Dependency Paradox: Healthy Dependence

Jasbina Ahluwalia asks Dr. Amir Levine, author of Attached: The New Science of Adult Attachment and How it Can Help You Find- and Keep- Love: We have the anxious, secure and avoidant attachment styles.

Your book discusses what you call the “dependency paradox.” Please tell us about that.


Dr. Amir Levine

That’s very important. I’m glad that you’re asking about that.

In order to understand what attachment style you are, we have quizzes. We teach people how to learn this new language. What does it mean?

How are you able to tell what attachment style you are and what other people are?

We also have a quiz online on the book’s website that you can take in order to determine what attachment style you are.

In the book, we show you how to tell what attachment styles other people are.

In the way that I described it to you, you can see where a lot of the relationship drama lies.


Dependency Paradox: Unhappy Relationships

For people who don’t get along, who have a lot of fights and are unhappy in relationships, it’s because of the particular combination of the anxious and avoidant styles. That is a very difficult combination.

One loves a lot of intimacy and closeness. They crave to be close and intimate. They also worry a lot about not being loved back. They are very sensitive to small cues that might suggest that the other person doesn’t love them as much as they love that person.

The avoidant style is the opposite. They don’t like too much closeness. They see it as an infringement on their independence and self-reliance. They think you should take care of yourself. They keep their distance. They put a lot of question marks and threats into their relationship. That’s what the anxious style is sensitive about.

There are a lot of fights between them. They just don’t get along very well. However, they become attracted to one another for some reason.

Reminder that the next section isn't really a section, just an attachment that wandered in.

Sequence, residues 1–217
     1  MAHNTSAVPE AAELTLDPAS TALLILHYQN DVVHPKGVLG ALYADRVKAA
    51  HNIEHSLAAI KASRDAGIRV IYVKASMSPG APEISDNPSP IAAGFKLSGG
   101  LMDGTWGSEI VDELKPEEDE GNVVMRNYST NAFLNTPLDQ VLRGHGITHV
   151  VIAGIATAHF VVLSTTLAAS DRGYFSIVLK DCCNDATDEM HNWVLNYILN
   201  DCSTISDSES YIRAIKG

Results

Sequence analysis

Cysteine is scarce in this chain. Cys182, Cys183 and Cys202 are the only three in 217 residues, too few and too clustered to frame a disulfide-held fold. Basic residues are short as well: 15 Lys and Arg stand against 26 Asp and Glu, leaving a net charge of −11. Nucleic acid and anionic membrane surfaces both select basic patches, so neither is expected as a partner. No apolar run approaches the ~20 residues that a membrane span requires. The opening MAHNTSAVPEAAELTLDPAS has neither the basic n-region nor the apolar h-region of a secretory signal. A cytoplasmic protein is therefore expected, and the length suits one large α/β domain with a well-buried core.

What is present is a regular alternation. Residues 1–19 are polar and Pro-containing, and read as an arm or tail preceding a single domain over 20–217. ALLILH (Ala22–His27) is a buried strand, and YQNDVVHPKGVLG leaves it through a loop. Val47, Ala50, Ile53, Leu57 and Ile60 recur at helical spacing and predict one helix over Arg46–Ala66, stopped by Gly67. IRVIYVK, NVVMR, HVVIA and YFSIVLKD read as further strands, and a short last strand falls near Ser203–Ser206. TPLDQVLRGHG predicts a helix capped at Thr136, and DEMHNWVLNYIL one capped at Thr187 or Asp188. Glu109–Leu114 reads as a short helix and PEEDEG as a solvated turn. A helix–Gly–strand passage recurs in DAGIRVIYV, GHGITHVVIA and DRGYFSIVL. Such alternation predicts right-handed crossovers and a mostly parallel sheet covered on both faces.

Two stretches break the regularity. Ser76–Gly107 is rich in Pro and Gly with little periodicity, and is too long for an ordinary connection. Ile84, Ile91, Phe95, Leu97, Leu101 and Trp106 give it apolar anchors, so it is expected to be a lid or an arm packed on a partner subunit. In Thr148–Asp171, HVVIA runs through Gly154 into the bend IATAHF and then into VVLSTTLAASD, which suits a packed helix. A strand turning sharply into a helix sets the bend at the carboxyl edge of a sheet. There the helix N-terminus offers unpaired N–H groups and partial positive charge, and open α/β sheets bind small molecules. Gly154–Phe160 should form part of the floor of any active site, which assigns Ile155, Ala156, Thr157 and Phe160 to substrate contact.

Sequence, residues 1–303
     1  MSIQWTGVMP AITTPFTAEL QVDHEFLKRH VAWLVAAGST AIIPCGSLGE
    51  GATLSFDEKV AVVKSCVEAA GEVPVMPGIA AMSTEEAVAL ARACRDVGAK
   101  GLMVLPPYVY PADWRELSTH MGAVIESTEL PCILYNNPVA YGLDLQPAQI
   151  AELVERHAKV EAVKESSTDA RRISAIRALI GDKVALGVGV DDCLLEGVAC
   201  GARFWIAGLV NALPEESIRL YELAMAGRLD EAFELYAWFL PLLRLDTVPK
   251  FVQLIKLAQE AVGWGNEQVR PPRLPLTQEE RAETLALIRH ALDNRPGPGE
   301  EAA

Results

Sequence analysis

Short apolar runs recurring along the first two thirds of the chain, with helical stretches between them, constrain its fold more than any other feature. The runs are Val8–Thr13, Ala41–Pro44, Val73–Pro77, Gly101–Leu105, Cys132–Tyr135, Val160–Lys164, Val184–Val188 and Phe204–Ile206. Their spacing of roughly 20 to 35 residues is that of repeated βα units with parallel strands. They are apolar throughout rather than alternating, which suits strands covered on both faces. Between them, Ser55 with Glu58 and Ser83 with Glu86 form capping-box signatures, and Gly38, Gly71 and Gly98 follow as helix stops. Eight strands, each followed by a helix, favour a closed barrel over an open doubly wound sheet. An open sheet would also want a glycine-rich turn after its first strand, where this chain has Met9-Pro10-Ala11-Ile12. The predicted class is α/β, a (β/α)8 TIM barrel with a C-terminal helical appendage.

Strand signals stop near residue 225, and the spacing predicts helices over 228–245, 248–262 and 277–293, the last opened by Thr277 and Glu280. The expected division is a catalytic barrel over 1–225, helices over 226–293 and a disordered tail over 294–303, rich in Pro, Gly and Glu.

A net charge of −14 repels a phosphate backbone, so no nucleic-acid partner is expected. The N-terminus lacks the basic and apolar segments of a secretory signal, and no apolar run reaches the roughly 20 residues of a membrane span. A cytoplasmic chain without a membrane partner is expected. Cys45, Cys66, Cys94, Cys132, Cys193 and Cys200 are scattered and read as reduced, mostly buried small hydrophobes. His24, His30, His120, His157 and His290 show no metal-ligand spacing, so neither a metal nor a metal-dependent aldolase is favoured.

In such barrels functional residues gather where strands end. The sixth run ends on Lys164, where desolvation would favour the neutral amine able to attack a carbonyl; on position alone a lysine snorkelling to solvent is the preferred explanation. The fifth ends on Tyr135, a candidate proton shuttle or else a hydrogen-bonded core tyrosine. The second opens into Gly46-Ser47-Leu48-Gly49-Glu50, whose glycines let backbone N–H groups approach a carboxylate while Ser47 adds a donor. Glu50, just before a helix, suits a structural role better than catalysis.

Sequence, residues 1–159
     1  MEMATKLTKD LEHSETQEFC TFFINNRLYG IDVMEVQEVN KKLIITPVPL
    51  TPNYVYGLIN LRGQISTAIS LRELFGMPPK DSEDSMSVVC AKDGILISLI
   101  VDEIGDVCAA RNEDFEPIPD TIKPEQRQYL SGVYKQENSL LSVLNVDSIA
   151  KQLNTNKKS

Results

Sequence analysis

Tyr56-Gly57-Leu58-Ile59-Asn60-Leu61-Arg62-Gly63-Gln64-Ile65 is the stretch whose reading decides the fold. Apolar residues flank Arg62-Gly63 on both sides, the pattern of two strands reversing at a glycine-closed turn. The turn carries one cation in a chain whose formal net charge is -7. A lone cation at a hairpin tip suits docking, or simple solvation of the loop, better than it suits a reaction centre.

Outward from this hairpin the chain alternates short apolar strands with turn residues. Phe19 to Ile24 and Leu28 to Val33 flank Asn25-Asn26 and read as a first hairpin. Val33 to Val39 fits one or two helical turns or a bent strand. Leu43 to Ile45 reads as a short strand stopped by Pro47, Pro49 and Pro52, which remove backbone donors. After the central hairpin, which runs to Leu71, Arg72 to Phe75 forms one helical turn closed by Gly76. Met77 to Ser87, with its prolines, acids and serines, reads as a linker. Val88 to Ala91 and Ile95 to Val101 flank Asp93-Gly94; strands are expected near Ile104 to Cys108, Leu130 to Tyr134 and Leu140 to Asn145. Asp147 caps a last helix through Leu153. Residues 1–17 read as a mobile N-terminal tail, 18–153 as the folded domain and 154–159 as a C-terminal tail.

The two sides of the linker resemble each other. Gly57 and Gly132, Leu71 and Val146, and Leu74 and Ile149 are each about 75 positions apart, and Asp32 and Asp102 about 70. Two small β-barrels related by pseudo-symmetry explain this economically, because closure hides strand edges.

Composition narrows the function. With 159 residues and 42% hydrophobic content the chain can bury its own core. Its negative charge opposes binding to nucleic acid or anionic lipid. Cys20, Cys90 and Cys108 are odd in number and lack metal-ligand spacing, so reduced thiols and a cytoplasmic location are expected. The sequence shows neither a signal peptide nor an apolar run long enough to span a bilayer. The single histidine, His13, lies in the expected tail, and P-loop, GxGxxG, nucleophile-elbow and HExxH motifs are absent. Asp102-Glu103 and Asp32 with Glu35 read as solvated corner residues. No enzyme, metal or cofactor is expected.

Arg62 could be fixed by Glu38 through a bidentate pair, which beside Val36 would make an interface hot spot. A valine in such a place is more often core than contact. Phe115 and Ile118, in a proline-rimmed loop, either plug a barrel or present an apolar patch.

Avoid Dependency Paradox

A lot of times, people who are anxious find themselves attracted to someone who is avoidant.

We tell people, when you go out on a date, you really have to figure out what attachment style you are. If you’re secure, you can probably manage both of them. If you’re anxious and avoidant, you want to stay away from the opposite of what you are. That is a recipe for unhappiness in relationships.

That leads to the dependency paradox.


Defining Dependency Paradox

People have this mistaken idea that, when you come into a relationship, you have to maintain your independence and that dependency is a bad thing. If you really understand attachment, you will realize that we don’t have a choice.

Once we choose someone else and make them special and unique for us, we become thoroughly dependent on them. That’s just our biology.

There was a huge advantage in evolution in pairing up this way.


Dependency Paradox: Survival Tool

If you are so dependent on one another, you become like one physiological unit. We are the descendants of those who paired up in that way. There is a huge survival advantage.

Back in that time, there were dangers. It was good to have someone next to you telling you, “There is a tiger on the right. There is something else on the left.” You were working together to survive. We are the descendants of those who paired up like that.

The advantage wasn’t, “It’s nice if you’re next to me. I can take it or leave it. If you’re not here, I’m okay.” It’s really, “I need you by my side. I need to know where you are. If I don’t know where you are, I’m going to feel very uncomfortable until I reestablish contact with you.” We all have this system in our brain.


Dependency Paradox Example

For example, if I were to tell you that, God forbid, there is a terrible natural disaster right now where your loved ones are, it will be very hard for you to continue listening to this interview.

You will have to run out and make a phone call to make sure that they’re okay. That’s an example of our attachment system in the brain. It’s almost like a surveillance system to make sure that we know where our loved ones are and that they’re okay.


Tell Us:

Do you see the dependency paradox playing a role in your relationship? Share your experiences with us below in the comments section.


The above is an excerpt from Jasbina’s interview with Dr. Amir Levine

The entire interview transcript is at: Amir Levine Interview – Insights on Dating From A Psychiatrist And Neuroscientist

Listen to the entire interview on: Intersections Match Talk Radio – Jasbina’s Lifestyle Show

Listen to the entire interview on Blog Talk Radio: Insights From A Psychiatrist – Dr. Amir Levine Discussion – Author ‘Attached’

Listen to the entire interview on iTunes